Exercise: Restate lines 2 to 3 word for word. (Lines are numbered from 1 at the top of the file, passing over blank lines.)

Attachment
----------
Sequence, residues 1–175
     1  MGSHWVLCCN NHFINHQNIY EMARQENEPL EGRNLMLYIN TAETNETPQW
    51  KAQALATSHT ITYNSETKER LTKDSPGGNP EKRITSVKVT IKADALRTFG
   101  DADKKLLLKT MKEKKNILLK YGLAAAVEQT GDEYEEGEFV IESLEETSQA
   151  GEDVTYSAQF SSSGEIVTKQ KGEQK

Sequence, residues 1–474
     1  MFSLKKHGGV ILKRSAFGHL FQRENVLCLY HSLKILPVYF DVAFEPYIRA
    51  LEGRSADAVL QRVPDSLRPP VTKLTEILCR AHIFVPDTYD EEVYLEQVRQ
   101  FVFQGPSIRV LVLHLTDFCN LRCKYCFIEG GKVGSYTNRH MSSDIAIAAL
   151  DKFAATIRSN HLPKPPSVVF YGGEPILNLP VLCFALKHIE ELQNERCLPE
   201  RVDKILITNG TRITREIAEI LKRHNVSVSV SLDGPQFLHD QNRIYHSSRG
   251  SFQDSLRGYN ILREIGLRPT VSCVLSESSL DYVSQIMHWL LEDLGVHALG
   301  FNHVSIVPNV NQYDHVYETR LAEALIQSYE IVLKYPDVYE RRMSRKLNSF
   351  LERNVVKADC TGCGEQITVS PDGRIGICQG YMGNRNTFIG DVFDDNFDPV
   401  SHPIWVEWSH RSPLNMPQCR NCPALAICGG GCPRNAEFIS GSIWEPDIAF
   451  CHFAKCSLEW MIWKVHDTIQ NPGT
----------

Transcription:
     1  MGSHWVLCCN NHFINHQNIY EMARQENEPL EGRNLMLYIN TAETNETPQW
    51  KAQALATSHT ITYNSETKER LTKDSPGGNP EKRITSVKVT IKADALRTFG